Kings Of Ceiling

As promised this time last week. The eBay purchase turned out to be a print of a Kings Of Leon photograph, who shall forevermore survey my office from above.

I suspect there's a very fundable art project in purchasing items from eBay based purely on their physical dimensions but sadly I am far too busy with work to consider such pursuits. (This is also my excuse for a lack of more considered blog posts this week and last. Back to normal soon, I promise.)

Fixing a hole

I have a hole in the ceiling of my office where a section of ceiling tile is missing.

It measures precisely 17x26cm.

Once I have posted this, I will search eBay for '17x26cm' and sort by lowest price. I will then order the item nearest the top of the list which is rigid enough to fill the gap, regardless of what it is.

I shall report back in due course.

Lifting elevators

I had an interesting chat this week with a couple of nice chaps who run a digital agency. They've been honing the way they talk about their company in advance of a couple of upcoming events, and asked for my thoughts on how they might structure a quick verbal introduction—the good ol' elevator pitch.

They pride themselves on doing the best work possible for their clients and by all accounts are very good at it, boasting a portfolio of impressive projects for a raft of big brands. They see this passion and credibility as the obvious starting point for their pitch: "We love what we do. We're the best at it and we've worked for well-known company x, y and z."

I wrote last month about building credibility in your pitch rather than simply stating it. I felt that advice massively applied here; even if their audience believes every word they say this approach does nothing to differentiate them from the long line of other agencies in the same field professing equally strong credentials.

They need to start with something more—a big mission, vision or purpose—which sets them apart, something which can be discussed in the abstract before getting down to the nitty-gritty of what they do and how they do it. (Simon Sinek's 'Start With Why' again.)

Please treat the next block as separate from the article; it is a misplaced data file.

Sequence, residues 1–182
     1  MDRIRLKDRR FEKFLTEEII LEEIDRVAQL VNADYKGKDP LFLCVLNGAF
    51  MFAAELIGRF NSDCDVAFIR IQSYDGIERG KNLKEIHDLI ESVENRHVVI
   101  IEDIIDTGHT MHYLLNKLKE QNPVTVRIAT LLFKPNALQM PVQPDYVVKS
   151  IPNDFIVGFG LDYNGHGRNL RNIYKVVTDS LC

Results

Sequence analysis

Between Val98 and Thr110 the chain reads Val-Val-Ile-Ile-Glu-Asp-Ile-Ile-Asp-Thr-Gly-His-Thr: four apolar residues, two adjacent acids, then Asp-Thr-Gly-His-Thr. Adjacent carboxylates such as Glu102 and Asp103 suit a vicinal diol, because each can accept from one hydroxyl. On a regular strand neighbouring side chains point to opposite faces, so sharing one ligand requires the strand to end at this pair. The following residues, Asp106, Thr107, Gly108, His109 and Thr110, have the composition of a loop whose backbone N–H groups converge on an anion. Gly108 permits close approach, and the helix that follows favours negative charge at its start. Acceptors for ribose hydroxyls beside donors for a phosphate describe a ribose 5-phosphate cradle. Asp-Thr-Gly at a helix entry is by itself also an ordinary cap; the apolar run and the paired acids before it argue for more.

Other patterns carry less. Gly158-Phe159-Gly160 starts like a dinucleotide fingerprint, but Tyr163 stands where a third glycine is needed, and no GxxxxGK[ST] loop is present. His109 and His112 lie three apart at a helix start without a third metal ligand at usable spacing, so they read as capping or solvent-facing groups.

But they've already been successful without articulating a greater purpose, by simply doing good work, retaining clients and having new business referred their way. So why bother bolting something on retrospectively?

I think this raises an important point of clarity on what I wrote previously:

  • When someone approaches you because they've heard good things about you, you're in a dominant position and only have to work hard at living up to expectations. By far this is the best way to win new customers (and, for that matter, investment).
     
  • However, when you approach someone cold to peddle your wares and want to make a good first impression, you're on the weakest side of the equation and have to be much more clever about how you introduce yourself.

The people I spoke with this week have enjoyed lots of the former but are about to start trying more of the latter. To do that, I think they need to stick to the tried-and-tested approach of highlighting a big problem / challenge / mission, outlining their (unique) solution / approach and backing their ability to deliver with some sterling credentials.

I'm not sure I fully convinced them. But have I you? Feel free to disagree...

Sleeping and walking

I flew off to Kraków with the family on Monday, where we've been walking around until our feet hurt and catching up on some much-needed sleep. So the writing will have to wait until next week, and you'll have to make do instead with some photos of our adventures.

Mech Tech

Due in no small part to a subreddit I stumbled upon last month, I have found this month's obsession: mechanical keyboards. 

A mechanical keyboard is one which uses old-fashioned metal switches and properly sprung keys with removable caps, rather than the rubber membranes used on the MacBook and other Apple keyboards. The switches themselves (the German Cherry MX being the brand of ubiquity) are available in a range of flavours, offering different sounds, resistance to pressure and tactile feedback.

They're revered in equal measure by PC gamers—on account of their more consistent and reliable operation—and writers who consider them the best tool for their craft. And they can be beautiful:

Being the sort of person who recognises that having the best tools will instantly transform one in a master of their craft, after some extensive research I placed my order—the Ducky One, 108 key, ISO layout and Cherry MX Brown switches:

I've been tapping away on it for a couple of weeks now. During this time my typing speed has dropped from 65 to 50 words per minute, I've started annoying those in neighbouring rooms with my incessant click-clacking and developed a deep ache in my forearms from angling my wrists up while reaching for its considerably more pronounced keys.

But I fully intend to persevere, not because I feel like an idiot for spending money on something which makes a job harder, but because I know it will help me become a better person. Like a high-performance car which demands more thought and discipline from its operator, but rewards with an infinitely greater driving experience. Or a wood-burning stove which, with all the stacking, chopping and carrying, is considerably more work than flicking on the central heating but delivers a warmth for which there is no scientific measure.